Plans to virtualise the University’s entire base of PCs could be damaging to some students' education, warns KUCGS president.

By Rosie Williams

Plans to virtualise Kingston University could be damaging

By Rosie Williams

The president of Kingston University Computer Geeks Society has warned that plans to virtualise the University’s entire base of PCs could be damaging to some students’ education.

The plans would mean that the university’s current range of older computers and laptops would be replaced by a mix of modernised computing tools that would run the same across all five campuses.

“SEC (Science, Engineering and Computing Faculty) is very different from the other faculties in its needs, demands and needed infrastructure,” said Sean Kelly, president of the KUCGS. “You cannot simply run it the same as you do the rest.”

The project began four years ago and numerous SEC IT technicians have been made redundant under to preliminary plans to centralise the whole university, warned Kelly.

However, the plans to “prepare for life without the desktop” will make the University a pioneer in the UK education sector.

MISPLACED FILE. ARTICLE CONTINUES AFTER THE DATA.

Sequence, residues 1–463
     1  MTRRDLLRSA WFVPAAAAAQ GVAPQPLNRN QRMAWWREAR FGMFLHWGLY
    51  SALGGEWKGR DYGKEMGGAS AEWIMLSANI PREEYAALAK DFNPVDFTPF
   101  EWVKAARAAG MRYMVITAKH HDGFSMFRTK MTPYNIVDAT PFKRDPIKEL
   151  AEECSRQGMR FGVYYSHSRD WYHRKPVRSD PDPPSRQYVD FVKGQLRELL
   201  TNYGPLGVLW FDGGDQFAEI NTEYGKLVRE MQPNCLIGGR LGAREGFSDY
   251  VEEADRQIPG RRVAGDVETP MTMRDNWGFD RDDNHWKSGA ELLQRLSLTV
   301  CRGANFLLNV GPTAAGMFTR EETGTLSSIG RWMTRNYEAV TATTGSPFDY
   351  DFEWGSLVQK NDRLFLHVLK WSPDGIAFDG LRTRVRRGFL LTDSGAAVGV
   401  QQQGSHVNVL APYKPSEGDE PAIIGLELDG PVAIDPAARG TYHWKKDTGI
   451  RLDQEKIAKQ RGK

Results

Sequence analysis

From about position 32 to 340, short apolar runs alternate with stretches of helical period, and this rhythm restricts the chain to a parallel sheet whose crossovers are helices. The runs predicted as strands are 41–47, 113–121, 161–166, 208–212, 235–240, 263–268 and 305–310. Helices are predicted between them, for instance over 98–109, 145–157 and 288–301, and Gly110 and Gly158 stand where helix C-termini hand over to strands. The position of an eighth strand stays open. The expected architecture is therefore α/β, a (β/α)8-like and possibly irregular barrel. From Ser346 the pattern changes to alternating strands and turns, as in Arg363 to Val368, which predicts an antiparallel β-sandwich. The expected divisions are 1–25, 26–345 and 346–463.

The university currently supports about 9000 PCs, laptops and dual boot Apple OS Xs.

These will gradually be replaced with a mix of fully-thin clients for staff, app virtualisation for students and the integration of older PCs running Windows 7 as part-virtualised ‘hybrids’.

“One of the goals is to embrace the consumerisation of IT,” said project architect, Daniel Bolton. “We can’t force the students to sit down in front of an ugly PC anymore.”

It is a complex project and one that is going to be closely-watched by other institutions planning to follow in its footsteps. 

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